of orchestral colour. One of the features of this work, as alluded
to above, is that the soloist physically moves around the orchestra.
First with the woodwinds, then the brass and finally in the ‘normal’
concerto position for the tumultuous finish. This is done to enable
the soloist to lead the various ‘concertante’ groups.
As a work this is well written and never lacks
interest. The musical language is not overly difficult. There
is always an overt lyricism underlying even the most angular phrases.
The second work on this CD, The Seasons,
is in many ways different to the two concerti. It was commissioned
by the Academy of St Martin-in-the-Field in 1988. Musgrave relates
that the work was inspired by Piero de Cosimo’s frightening
painting of hunting and fire, ‘Caccia Primitiva.’
It moved her to consider the ‘seasons’ as a metaphor
for the cycles in the life of man.
The work unsurprisingly is in four movements.
It commences with Autumn which depicts an impending storm. The
composer makes use of ‘hunting horns’ set against
an unsettled background. Winter is a wonderful musical
description of a frozen landscape – of ‘ice and despair.’
In places its mood reminds me of the temper of RVW’s Antarctic
Symphony. The great painting by Leutze of "Washington
Crossing the Frozen Delaware" underlies the imagery
here. The Spring movement heralds a thaw. The snow melts,
there is a dawn chorus, and rebirth is suggested. This is the
most romantic movement and it is certainly very beautiful; perhaps
the most impressive music on the disc. Summer is all
‘fulfilment and rejoicing’. It is inspired by the
painting that is on the CD cover, Claude Monet’s –
Rue St Denis, Festivities of June 30th, 1878. The only weak
point is the direct quotation of the U.S. and French national
anthems. It strikes me as somewhat trite and certainly mars an
otherwise superb work. Up to this point it is possible to hear
this work as abstract music. This quotation forces a programme
on the listener. I accept the final contention that ‘summer’
means that mankind is freed from tyranny – but wish that
she had chosen another way of communicating this fact.
I had never heard a ‘bass clarinet concerto’
until the one recorded here. I doubt that there can be many well
known ones in the catalogue. However, for a list of examples consult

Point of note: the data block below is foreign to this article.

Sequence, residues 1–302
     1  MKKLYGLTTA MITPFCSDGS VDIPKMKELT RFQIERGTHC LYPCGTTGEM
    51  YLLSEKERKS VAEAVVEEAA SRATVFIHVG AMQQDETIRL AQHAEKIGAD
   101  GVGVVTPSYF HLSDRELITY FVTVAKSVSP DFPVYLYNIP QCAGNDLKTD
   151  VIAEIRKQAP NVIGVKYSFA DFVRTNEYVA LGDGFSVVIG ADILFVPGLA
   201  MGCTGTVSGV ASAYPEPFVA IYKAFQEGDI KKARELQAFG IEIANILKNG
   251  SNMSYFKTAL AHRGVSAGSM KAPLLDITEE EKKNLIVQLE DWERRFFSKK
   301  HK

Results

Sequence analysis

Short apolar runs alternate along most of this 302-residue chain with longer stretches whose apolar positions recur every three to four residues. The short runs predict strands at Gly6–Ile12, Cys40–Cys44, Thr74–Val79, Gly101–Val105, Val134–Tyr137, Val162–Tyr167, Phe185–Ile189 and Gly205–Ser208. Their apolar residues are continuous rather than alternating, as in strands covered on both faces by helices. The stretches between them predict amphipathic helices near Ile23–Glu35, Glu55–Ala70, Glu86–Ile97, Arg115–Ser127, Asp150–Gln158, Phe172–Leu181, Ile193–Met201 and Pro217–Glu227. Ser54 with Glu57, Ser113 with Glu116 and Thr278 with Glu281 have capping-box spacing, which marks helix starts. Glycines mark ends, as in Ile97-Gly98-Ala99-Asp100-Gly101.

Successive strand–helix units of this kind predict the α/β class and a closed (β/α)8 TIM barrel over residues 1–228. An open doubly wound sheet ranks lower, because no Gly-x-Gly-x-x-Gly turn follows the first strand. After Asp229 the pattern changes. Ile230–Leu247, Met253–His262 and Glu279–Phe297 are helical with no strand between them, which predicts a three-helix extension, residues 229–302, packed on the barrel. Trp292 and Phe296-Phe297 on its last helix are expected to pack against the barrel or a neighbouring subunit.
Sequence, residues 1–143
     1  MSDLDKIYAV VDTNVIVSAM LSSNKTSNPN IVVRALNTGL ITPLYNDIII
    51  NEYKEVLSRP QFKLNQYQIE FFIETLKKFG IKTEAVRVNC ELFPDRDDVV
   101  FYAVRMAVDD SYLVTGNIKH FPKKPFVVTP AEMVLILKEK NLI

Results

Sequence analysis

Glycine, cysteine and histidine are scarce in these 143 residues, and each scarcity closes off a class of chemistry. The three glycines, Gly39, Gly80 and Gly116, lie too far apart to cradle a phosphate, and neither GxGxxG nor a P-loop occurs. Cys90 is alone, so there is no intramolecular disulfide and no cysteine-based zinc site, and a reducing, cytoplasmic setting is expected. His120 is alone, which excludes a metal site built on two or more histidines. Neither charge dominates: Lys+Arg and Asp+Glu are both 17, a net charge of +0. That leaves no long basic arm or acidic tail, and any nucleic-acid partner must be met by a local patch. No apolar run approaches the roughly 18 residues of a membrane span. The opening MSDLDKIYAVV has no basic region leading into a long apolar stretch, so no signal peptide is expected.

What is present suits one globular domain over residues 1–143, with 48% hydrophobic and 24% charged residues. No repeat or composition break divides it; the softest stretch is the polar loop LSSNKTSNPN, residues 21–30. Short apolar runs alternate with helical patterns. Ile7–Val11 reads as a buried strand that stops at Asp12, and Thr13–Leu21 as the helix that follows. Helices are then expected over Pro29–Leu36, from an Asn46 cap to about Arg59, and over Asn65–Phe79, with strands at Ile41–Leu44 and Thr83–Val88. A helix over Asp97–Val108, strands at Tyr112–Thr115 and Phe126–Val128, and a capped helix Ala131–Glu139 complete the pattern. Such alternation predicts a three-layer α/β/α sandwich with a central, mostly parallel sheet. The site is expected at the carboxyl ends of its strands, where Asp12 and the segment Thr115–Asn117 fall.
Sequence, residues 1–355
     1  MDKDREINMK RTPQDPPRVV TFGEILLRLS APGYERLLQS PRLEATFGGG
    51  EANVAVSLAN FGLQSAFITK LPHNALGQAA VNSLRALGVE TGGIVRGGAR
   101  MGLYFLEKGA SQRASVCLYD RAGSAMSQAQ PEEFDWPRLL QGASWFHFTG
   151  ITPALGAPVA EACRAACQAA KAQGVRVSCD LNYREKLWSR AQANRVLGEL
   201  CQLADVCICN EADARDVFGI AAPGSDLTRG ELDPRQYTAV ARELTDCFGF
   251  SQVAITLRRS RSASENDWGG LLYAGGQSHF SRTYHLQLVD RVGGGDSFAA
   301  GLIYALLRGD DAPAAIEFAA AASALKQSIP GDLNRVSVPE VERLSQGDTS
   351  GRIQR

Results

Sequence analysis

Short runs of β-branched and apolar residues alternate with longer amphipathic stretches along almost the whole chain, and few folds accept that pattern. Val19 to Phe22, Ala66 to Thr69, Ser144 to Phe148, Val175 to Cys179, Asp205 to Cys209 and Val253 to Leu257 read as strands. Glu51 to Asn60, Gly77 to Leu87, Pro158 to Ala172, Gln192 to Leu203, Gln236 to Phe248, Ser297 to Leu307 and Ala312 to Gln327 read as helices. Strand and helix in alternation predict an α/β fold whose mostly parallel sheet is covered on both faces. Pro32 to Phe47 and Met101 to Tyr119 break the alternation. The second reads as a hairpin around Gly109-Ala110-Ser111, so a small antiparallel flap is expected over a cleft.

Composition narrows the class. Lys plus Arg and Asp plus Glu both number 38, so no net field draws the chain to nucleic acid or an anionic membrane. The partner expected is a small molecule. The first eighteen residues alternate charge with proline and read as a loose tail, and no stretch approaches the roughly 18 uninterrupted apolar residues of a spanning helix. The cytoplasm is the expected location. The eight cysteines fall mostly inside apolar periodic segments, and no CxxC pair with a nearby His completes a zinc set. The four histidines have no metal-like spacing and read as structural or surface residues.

This example by Musgrave is actually called an
Autumn Sonata – a Concerto for Bass Clarinet and Orchestra.
It was commissioned by the present soloist in 1993 who gave its
first performance at the Cheltenham Festival the following year.
There is a definite programme underlying this work: derived in
this case from literature. Musgrave had previously set a poem
by the Austrian poet Georg Trakl. She revisited his writings and
chose a number of short fragments to ‘preface the major
sections of this autumnal landscape’. The work has six sections,
each lasting for two or three minutes. Once again the composer
creates a varied presentation of material; attention never lapses.
This is an atmospheric tone poem operating at a number of levels:
death, war and landscape. Although the composer is not directly
describing war, there are allusions to the desolation and despair
caused by hostilities. This is a fine piece that exploits the
tonal colour of the bass clarinet to the full.
I enjoyed this CD. It is an excellent introduction
to compositions by this well known and well respected Scottish
composer. I would further recommend it to anyone who loves the
clarinet. Ignore any rumours that you may have heard about difficulty
or gross intellectualism in her music. All of this is approachable
and most of it is thoroughly enjoyable.
The soloist renders both works extremely well.
It is certainly interesting to hear a performance on the bass
review by Len Mullenger